- The length of the marriage
- The financial resources and earning capacity of each spouse
- The standard of living established during the marriage
- The age and health condition of each spouse
- The contributions each spouse made to the marriage (e.g. through child-rearing or supporting their partner’s career)
In some cases, spousal support may be modified if there are significant changes in circumstances such as loss of income or remarriage. It’s important for individuals seeking spousal support or those who are ordered to pay it to consult with an experienced attorney who can provide guidance and representation throughout this process.
Ultimately, it’s recommended that individuals seek the guidance of an experienced divorce attorney who can help them navigate this complex process and ensure that their rights are protected throughout. By working with an attorney, spouses can also gain a better understanding of their legal options and potential outcomes as they move forward with the divorce process.
Summary of Grounds for Divorce in Colorado
Ultimately, it’s important to consult with an experienced divorce attorney who can help you understand your options under Colorado law and protect your rights throughout the process.
Choosing the Right Divorce Option
If you and your spouse are able to work together amicably, an uncontested divorce may be a good option. This can save both time and money compared to a contested divorce which involves litigation in court.
However, if communication has broken down or if there are complex issues such as child custody or high-value assets involved, a contested divorce may be necessary. In this case, it’s important to seek the guidance of an experienced attorney who can help protect your rights throughout the process.
Importance of Hiring an Experienced Divorce Attorney
In short, hiring an experienced divorce attorney is essential when going through this difficult process. By working with someone who understands Colorado’s laws related to marital dissolution and has experience negotiating settlements or representing clients in courtrooms, individuals can increase their chances of achieving their desired outcome while protecting their rights throughout the entire process.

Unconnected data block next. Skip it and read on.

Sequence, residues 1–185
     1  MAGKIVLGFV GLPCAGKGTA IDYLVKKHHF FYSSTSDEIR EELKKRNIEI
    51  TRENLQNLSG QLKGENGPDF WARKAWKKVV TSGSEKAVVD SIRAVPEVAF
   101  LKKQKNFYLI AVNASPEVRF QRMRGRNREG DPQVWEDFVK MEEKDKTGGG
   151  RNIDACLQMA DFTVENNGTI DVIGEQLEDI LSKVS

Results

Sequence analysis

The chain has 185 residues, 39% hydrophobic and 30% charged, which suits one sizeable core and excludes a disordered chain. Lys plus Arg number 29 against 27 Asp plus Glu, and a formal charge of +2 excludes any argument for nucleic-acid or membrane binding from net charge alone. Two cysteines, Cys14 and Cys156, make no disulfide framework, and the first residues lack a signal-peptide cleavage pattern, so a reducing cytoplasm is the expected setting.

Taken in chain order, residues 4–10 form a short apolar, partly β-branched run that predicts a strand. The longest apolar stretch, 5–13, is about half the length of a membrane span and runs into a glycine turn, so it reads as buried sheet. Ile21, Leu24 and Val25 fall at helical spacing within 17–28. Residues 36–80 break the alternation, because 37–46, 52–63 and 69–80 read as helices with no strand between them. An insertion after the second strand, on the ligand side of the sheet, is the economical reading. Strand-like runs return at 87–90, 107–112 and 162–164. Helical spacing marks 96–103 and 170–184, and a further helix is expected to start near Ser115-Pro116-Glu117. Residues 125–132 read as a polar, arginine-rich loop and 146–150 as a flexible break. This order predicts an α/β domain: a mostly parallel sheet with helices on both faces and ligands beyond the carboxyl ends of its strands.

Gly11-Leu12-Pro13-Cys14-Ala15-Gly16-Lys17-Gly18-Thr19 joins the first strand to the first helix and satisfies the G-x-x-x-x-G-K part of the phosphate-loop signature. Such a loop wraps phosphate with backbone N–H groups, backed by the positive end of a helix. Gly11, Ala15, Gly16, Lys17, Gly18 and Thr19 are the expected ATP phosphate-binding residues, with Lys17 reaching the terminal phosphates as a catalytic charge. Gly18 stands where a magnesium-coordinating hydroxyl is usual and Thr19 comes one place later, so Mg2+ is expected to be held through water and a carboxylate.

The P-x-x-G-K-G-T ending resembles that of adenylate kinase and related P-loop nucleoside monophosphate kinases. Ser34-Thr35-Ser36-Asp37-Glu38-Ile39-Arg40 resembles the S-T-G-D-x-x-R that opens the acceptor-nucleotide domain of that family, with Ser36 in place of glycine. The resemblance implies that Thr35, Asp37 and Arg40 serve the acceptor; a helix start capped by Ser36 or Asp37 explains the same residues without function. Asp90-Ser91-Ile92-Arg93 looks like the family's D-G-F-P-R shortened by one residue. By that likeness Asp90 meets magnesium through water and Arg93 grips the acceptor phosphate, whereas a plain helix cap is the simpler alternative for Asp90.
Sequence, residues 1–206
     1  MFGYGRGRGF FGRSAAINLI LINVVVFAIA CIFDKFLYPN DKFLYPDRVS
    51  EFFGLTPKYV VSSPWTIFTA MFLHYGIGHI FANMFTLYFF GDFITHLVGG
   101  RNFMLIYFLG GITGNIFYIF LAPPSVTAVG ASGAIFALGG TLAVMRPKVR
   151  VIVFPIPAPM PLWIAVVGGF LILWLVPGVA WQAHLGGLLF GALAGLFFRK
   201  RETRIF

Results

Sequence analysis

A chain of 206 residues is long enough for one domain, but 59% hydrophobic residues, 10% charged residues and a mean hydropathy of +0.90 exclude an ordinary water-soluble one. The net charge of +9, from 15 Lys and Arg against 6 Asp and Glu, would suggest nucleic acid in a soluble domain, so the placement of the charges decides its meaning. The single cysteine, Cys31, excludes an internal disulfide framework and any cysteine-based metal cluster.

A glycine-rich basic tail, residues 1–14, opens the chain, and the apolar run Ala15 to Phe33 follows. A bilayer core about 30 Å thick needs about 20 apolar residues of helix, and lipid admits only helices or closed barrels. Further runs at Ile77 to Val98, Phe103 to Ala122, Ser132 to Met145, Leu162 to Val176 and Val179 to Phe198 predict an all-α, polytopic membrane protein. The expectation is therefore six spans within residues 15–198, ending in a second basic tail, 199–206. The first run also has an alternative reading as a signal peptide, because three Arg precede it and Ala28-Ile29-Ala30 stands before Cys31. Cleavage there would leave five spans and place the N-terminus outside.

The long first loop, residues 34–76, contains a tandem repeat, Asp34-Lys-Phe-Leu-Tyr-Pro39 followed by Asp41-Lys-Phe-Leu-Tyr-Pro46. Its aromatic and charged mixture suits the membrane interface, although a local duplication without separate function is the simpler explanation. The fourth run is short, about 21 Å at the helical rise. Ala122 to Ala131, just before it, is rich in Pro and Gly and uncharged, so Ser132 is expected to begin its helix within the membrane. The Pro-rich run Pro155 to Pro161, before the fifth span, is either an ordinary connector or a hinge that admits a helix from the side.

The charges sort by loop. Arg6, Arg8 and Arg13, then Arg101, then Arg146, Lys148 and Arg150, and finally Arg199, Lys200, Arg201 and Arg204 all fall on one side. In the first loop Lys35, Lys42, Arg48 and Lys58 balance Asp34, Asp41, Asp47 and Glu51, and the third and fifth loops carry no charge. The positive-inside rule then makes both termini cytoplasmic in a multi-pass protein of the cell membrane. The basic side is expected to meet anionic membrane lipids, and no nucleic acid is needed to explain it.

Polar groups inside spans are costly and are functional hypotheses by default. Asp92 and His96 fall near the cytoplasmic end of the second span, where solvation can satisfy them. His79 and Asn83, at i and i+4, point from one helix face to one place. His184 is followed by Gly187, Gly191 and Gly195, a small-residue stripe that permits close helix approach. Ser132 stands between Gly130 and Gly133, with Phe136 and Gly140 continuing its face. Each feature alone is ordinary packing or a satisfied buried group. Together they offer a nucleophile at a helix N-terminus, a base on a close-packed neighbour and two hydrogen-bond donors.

FAQ on ‘Divorce Law: Grounds for Divorce in Colorado’
Q: Can adultery or infidelity be used as grounds for divorce in Colorado?
A: No, adultery or infidelity alone cannot be used as grounds for divorce in Colorado. However, if the adultery led to a breakdown of the marriage, it may be considered evidence of irretrievable breakdown.
Q: Can domestic violence or abuse be used as grounds for divorce in Colorado?
A: Yes, domestic violence or abuse can be used as evidence of irretrievable breakdown and may support a claim for divorce. It may also affect decisions related to child custody and visitation.
Q: Is separation required before filing for divorce in Colorado?
A: No, there is no legal requirement for separation before filing for divorce in Colorado. However, spouses must live separately for at least 91 days before the court will finalize the divorce.
Q: Can I file for a fault-based divorce in Colorado?
A: While fault-based divorces are available in some states, they are not recognized in Colorado. All divorces must be based on the irretrievable breakdown of the marriage.